So, the lack of announcements on the redesign of the 2017 to 2020 models does not necessarily mean that they will not actually be implemented. Third, vehicle redesign incurs quite expensive engineering costs. Consequently, a vehicle model, once designed, typically has a market life of seven to nine years with only annual cosmetic changes: In some cases, there is a mid-cycle “refresh” – a partial redesign for slow-selling models. So CRU maintains, it is unrealistic to expect the success of the F-150 to trigger redesigns of other models in just a few years. Such redesigns can only be expected to be implemented over a longer period to coincide with the normal model redesign cycle. Hence CRU expects most major aluminium-intensive redesigns only in the 2020-2025 period, when the pressure from increasingly stringent CAFE standards will have greatest impact.
CRU believes that the rapid growth of ABS over the next five years will be driven more by the conversion to aluminium of closures – bonnets, boot lids, roofs and doors – commonly known as “hang on parts”. While adding aluminium closures to existing designs does not maximise the benefits of aluminium, it does still achieve substantial weight savings at a low engineering cost. It is understood that OEMs are aggressively seeking to convert closures to aluminium over the next five years, and this would add significant volume as a result.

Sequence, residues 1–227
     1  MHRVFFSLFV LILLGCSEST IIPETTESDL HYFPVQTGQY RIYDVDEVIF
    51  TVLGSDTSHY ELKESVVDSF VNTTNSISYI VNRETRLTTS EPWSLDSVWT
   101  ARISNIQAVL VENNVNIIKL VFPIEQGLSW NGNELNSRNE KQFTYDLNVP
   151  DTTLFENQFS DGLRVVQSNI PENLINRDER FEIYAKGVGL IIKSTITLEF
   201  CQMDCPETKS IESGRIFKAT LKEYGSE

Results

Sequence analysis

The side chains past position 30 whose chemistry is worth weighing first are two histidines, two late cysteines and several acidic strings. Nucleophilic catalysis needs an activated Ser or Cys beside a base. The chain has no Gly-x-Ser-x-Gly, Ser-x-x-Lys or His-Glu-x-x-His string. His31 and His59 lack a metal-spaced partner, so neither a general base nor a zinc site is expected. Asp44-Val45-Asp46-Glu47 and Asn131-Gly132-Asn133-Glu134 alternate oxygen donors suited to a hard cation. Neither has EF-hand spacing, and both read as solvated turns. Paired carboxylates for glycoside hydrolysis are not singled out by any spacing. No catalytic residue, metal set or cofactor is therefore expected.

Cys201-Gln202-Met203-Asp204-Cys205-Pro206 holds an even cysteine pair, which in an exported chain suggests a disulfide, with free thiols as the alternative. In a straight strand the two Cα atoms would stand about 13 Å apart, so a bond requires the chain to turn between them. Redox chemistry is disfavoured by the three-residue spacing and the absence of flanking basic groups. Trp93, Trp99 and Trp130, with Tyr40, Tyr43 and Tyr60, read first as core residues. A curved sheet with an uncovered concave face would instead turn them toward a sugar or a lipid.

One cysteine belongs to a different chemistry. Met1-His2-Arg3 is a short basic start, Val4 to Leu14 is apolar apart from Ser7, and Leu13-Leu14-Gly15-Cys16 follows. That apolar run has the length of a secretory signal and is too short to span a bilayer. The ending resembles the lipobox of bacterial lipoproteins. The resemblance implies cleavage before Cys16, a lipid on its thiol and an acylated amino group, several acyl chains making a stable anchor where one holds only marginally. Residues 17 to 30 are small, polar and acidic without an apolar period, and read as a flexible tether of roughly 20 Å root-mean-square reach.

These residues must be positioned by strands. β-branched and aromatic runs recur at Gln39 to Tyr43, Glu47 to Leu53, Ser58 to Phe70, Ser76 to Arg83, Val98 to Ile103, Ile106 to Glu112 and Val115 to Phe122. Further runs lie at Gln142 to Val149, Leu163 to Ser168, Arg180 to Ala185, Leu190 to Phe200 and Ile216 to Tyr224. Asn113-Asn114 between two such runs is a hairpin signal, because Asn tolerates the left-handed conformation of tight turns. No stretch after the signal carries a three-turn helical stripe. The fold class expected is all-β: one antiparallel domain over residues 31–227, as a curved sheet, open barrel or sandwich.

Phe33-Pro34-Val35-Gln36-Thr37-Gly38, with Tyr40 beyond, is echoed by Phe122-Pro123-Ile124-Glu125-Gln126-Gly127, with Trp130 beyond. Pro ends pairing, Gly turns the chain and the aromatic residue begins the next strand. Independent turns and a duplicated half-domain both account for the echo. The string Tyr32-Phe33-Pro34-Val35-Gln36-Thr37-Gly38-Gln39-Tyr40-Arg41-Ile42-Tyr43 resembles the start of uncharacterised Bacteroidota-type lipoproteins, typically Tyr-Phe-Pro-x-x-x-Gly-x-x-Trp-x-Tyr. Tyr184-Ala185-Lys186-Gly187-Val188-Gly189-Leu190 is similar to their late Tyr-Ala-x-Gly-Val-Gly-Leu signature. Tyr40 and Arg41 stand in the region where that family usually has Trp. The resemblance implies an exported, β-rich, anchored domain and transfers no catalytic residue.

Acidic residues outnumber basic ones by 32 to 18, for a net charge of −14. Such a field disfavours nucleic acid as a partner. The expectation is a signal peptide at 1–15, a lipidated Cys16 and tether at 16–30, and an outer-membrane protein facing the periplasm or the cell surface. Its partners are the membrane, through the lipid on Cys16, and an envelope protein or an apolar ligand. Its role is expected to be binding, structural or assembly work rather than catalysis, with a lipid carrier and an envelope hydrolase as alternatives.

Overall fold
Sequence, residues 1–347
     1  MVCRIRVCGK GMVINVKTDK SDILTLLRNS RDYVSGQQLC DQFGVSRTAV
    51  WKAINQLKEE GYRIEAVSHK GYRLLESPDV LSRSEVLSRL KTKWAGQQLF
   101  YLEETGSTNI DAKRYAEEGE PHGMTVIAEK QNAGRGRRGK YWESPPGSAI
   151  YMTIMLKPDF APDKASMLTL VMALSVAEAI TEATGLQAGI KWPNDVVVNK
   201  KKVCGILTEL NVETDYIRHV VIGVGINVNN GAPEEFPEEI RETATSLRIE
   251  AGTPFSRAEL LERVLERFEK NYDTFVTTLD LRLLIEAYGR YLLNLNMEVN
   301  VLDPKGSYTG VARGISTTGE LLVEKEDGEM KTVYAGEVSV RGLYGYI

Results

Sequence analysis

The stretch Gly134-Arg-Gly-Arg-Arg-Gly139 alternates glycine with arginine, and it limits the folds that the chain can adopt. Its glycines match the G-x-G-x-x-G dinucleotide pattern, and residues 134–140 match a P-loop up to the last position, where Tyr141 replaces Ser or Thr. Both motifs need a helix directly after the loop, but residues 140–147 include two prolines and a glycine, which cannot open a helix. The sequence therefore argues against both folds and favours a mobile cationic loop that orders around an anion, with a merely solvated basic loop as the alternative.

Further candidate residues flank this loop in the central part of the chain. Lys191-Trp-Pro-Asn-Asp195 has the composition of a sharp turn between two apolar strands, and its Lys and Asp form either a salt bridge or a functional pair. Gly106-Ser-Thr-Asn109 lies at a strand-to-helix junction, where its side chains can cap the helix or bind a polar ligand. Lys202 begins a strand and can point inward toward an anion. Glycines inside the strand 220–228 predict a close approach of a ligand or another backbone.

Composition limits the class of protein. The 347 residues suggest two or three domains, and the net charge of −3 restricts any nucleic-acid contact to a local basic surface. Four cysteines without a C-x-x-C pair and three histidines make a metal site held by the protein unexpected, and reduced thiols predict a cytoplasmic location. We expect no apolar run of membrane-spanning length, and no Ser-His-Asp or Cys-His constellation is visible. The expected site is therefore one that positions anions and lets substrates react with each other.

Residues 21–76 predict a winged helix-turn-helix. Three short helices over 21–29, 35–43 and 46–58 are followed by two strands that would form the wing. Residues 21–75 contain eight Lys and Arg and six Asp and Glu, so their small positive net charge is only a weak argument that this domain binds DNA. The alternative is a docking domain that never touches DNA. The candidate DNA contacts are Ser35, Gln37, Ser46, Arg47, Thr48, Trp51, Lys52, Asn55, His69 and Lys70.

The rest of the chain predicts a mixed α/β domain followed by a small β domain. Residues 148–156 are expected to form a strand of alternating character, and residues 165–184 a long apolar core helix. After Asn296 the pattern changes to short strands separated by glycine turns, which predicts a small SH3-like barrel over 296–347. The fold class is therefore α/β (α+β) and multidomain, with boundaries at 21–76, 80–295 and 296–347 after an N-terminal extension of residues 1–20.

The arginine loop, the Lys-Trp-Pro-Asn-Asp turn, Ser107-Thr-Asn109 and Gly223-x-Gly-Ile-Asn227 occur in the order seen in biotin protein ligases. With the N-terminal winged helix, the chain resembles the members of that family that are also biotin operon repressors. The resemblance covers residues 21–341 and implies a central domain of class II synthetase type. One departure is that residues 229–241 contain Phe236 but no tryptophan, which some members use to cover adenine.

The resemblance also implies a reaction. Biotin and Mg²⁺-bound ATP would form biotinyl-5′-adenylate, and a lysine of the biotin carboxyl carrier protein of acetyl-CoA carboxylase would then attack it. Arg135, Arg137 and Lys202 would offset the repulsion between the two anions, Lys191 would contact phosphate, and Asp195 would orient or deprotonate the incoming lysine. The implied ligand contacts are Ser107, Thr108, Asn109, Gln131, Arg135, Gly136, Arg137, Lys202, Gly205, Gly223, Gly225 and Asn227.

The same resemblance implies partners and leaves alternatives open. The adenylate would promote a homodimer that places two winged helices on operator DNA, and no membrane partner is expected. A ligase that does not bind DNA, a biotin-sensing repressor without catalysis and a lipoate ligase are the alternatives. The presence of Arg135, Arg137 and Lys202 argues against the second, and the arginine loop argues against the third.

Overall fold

Demand and required capacity
The extent of the growth of ABS over the next several years will be governed by prevailing capacity. The vast bulk of ABS is used in exterior skin applications that require wide coil with both outstanding surface quality and strength. The latter is achieved with heat-treatable alloys and both properties require a rolling mill with those characteristics, usually a can sheet mill with a complementary continuous heat-treatment line. This production combination is only achieved with dedicated capacity since conversion of a can stock mill to an ABS facility and adding a heat-treat line involves considerable time and plant expenditure. Furthermore, rolling mills are not committing investment required to convert capacity without guarantees of minimum volumes and prices for a major portion of this capacity – and this is why much of the growth expected up to 2020 is already committed.
CRU’s forecasts show that ABS demand in North America, for both closures and structures, will grow from 330,000 tonnes in 2015 to just over 1 million tonnes by 2020. The robust growth in demand over the past two years reflects the conversion trend to aluminium such as in the Ford F-150, but much of the growth in the next few years will be generated by the increased use of aluminium in closures.
Over the long-term, an anticipated increase in demand will be met in part by new technologies used in the production of automotive sheet. The Alcoa Arconic Micromill, for example, promises penetration for non-skin applications where the formability limitations of current alloys make it difficult to use aluminium. Specifically, the Micromill offers a low-cost process for continuous casting of new higher-strength alloys, which are 200% more formable than current aluminium generations and 25-35% lighter than high-strength steel (HSS). Alcoa’s mill is specifically aimed at interior BIW applications competing with HSS.
Capacity beyond Alcoa’s current mill in San Antonio will be needed in order to supply larger volumes for wider applications. However, capacity can be added much more quickly and at lower cost than in conventional mills. While not included in its base forecast, CRU says capacity expansion announcements could be made in the next one or two years.